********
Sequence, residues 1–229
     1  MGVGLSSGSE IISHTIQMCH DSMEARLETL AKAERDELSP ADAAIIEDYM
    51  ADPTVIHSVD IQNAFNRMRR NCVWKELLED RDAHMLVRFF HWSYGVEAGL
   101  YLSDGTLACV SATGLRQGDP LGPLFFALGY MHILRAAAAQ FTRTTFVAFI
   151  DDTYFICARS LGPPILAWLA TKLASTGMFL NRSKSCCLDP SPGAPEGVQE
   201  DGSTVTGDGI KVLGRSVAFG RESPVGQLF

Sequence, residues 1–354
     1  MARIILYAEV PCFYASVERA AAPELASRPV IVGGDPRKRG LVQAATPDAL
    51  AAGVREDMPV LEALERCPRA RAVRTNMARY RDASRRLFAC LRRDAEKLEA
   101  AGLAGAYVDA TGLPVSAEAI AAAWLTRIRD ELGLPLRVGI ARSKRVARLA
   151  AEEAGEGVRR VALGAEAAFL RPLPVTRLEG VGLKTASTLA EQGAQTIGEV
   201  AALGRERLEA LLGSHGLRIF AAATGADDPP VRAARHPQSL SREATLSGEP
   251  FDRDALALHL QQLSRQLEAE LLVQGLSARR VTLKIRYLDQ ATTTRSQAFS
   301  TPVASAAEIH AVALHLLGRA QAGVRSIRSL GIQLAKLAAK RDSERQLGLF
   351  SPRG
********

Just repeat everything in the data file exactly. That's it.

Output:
Sequence, residues 1–229
     1  MGVGLSSGSE IISHTIQMCH DSMEARLETL AKAERDELSP ADAAIIEDYM
    51  ADPTVIHSVD IQNAFNRMRR NCVWKELLED RDAHMLVRFF HWSYGVEAGL
   101  YLSDGTLACV SATGLRQGDP LGPLFFALGY MHILRAAAAQ FTRTTFVAFI
   151  DDTYFICARS LGPPILAWLA TKLASTGMFL NRSKSCCLDP SPGAPEGVQE
   201  DGSTVTGDGI KVLGRSVAFG RESPVGQLF

Sequence, residues 1–354
     1  MARIILYAEV PCFYASVERA AAPELASRPV IVGGDPRKRG LVQAATPDAL
    51  AAGVREDMPV LEALERCPRA RAVRTNMARY RDASRRLFAC LRRDAEKLEA
   101  AGLAGAYVDA TGLPVSAEAI AAAWLTRIRD ELGLPLRVGI ARSKRVARLA
   151  AEEAGEGVRR VALGAEAAFL RPLPVTRLEG VGLKTASTLA EQGAQTIGEV
   201  AALGRERLEA LLGSHGLRIF AAATGADDPP VRAARHPQSL SREATLSGEP
   251  FDRDALALHL QQLSRQLEAE LLVQGLSARR VTLKIRYLDQ ATTTRSQAFS
   301  TPVASAAEIH AVALHLLGRA QAGVRSIRSL GIQLAKLAAK RDSERQLGLF
   351  SPRG